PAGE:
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[[File:History-of-waterslides.jpg|thumb|left|Figure 1. Image showing perhaps the first built water slide.]]__NOTOC__
For many children, and even those young at heart, water parks are a key pastime of summer and, increasingly, winter. With indoor parks, it is now possible to play year-round in many places. The history of water parks is relatively recent. In particular, it is after World War II when they became popular. But they have evolved rapidly in the last few decades from simple places of amusement to complex parks that compete for status symbols such as the 'largest water park' or 'tallest waterslide.'
==What was the first waterpark?==
[[File:Wet-wild-aerial.jpg|thumb|left|Figure 2. Wet n' Wild in Orlando was the first purpose-built water park.]]
George Millay, who famously founded Sea World in San Diego and later Florida, took the ideas of waterslides and increasingly noticed in the 1960s and 1970s that pools began to incorporate splash pads, and even the first wave pool opening in Alabama had proven to be major attractions. People often wanted to enjoy the water without having to get directly deep into the water. Waterslides also became very popular within existing parks, so much so long lines were always evident. All these gave Millay the idea that a purpose-built water park might be enough to be profitable. He needed a warm, year-round place to have such a park to keep revenues steady.
In 1994, the first significant indoor water park built in the United States was in Wisconsin Dells at the Polynesian Resort Hotel. The success of indoor water parks made business investors realize that water parks, incorporated within hotels and indoor resorts, allowed places to extend the tourist season. The Great Wolf Resorts/Great Wolf Lodge developed as the first company to build hotels around indoor water parks.<ref>For more on recent trends in water parks and indoor water parks, see: https://www.wisdells.com/media/facts/fun-facts.htm & Hamilton 2015: 12 </ref>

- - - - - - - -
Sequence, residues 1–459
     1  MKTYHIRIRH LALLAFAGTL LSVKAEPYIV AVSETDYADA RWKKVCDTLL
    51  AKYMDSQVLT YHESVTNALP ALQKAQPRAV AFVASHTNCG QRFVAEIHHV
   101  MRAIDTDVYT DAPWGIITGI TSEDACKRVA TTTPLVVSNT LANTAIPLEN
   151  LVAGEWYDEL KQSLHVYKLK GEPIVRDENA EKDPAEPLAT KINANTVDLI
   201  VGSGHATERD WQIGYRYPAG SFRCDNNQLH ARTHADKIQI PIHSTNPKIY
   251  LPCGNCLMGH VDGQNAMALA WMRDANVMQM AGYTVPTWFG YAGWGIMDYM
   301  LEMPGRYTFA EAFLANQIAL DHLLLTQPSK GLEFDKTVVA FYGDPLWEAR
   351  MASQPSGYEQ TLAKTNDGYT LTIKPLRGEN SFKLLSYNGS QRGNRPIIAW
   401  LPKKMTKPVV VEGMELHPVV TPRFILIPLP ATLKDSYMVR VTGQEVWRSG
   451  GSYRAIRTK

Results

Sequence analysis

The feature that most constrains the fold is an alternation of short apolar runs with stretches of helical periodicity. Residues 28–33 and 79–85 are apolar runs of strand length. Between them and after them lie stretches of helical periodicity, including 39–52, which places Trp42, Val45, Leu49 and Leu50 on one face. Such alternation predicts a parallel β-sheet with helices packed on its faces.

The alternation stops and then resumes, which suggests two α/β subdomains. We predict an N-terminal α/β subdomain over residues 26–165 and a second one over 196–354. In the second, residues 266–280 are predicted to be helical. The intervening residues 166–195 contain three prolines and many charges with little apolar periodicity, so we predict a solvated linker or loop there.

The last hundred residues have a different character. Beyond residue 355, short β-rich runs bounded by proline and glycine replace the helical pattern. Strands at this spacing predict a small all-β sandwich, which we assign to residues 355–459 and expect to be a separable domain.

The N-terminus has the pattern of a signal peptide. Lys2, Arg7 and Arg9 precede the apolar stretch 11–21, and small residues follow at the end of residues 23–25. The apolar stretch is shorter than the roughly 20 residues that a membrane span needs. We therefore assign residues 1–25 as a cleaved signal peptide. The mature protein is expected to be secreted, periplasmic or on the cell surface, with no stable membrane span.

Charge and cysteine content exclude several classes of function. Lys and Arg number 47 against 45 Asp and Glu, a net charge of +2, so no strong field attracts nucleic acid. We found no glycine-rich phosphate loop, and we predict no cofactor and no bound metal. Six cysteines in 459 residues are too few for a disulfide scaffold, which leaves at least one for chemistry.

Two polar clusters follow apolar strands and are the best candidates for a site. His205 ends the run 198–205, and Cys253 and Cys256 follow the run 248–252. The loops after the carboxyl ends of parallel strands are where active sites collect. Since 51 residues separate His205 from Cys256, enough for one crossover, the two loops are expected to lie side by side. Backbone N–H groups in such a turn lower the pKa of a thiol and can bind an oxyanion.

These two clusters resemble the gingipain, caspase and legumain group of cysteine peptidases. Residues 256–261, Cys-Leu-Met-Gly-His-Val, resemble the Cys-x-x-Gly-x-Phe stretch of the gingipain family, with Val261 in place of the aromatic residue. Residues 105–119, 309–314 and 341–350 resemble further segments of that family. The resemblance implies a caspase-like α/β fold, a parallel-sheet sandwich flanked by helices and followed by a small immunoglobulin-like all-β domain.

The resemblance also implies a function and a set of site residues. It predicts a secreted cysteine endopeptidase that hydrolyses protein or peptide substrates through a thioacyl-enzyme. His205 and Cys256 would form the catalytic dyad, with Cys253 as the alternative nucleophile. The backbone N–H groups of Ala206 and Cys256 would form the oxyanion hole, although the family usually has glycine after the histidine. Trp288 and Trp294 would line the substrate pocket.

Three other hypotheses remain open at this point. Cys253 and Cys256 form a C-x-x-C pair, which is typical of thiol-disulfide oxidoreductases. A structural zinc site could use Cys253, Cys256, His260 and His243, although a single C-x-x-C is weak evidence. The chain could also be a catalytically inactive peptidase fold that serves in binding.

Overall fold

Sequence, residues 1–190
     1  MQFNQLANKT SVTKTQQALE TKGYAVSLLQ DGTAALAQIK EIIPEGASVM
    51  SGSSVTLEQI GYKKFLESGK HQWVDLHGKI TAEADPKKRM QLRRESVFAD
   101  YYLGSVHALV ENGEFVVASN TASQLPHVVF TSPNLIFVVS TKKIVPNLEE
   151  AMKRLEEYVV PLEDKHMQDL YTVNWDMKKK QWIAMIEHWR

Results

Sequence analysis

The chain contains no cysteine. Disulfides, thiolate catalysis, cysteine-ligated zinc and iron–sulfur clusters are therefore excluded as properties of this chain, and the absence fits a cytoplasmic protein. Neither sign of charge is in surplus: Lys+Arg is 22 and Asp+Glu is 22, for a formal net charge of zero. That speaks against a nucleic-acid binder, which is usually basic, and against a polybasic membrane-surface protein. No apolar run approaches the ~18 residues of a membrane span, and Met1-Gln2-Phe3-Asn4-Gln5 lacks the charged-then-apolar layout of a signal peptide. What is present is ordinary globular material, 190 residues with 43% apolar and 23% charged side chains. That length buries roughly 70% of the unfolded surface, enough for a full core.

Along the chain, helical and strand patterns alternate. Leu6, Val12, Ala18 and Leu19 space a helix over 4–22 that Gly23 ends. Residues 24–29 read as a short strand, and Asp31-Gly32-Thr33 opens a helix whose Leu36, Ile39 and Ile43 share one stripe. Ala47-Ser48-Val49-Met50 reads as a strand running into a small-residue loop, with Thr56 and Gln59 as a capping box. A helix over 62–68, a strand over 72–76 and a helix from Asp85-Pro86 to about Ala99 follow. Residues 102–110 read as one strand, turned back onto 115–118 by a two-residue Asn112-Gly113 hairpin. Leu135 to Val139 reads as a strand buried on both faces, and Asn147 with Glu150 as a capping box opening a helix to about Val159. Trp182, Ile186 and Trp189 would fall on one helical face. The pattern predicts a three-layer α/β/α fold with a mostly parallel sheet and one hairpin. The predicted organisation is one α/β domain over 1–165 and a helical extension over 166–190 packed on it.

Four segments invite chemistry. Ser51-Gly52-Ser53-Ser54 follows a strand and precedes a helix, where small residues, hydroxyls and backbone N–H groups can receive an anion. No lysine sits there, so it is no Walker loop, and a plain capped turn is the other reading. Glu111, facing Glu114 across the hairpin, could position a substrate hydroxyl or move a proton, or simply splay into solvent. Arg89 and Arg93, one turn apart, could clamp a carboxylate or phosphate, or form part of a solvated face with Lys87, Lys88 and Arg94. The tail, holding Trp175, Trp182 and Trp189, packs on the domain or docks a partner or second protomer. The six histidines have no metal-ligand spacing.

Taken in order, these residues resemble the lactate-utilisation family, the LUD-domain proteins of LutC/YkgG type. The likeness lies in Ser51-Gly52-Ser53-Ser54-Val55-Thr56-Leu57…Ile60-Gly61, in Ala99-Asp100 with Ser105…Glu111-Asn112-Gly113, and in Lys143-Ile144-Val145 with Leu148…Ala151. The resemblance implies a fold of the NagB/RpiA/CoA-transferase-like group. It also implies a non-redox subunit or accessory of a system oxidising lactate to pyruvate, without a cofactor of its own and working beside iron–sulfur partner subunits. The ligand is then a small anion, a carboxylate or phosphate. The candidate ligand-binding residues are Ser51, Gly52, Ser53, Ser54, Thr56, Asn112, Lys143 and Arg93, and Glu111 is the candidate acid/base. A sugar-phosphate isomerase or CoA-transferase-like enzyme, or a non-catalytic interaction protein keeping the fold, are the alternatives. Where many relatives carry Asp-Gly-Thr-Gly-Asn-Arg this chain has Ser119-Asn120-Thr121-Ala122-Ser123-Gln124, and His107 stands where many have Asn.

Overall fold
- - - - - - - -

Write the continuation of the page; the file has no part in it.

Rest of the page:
Other innovations included developing faster waterslides, new types of water features, including
tube, rides with mounted crafts, and large rafts that would be sent hurtling down large themed -slides. The Verrückt, located in Kansas City, became the tallest water slide at 168 feet, although it closed down in 2016 due to a tragic accident. The success of indoor and outdoor water parks led to a few trends. First, many existing community pools began to cater to the desire for water parks by adding slides and features such as wave pools.
In effect, they became small water parks that catered to local communities during the summer months and holidays. Water parks began to create amusement areas, such as in Wisconsin Dells, where new amusement parks began to develop as the Dells tried to keep tourists around longer. Local recreation centers even began to develop miniature indoor water park features, such as lazy rivers and slides. Water parks today bring in about 3 billion dollars annually. Indoor parks and municipal water parks or water parks incorporate within community recreation centers are perhaps the fasted growing segments of the water park industry.<ref>For more on water park trends and industry, see: https://www.ibisworld.com/industry-trends/specialized-market-research-reports/consumer-goods-services/sports-recreation/water-parks.html</ref>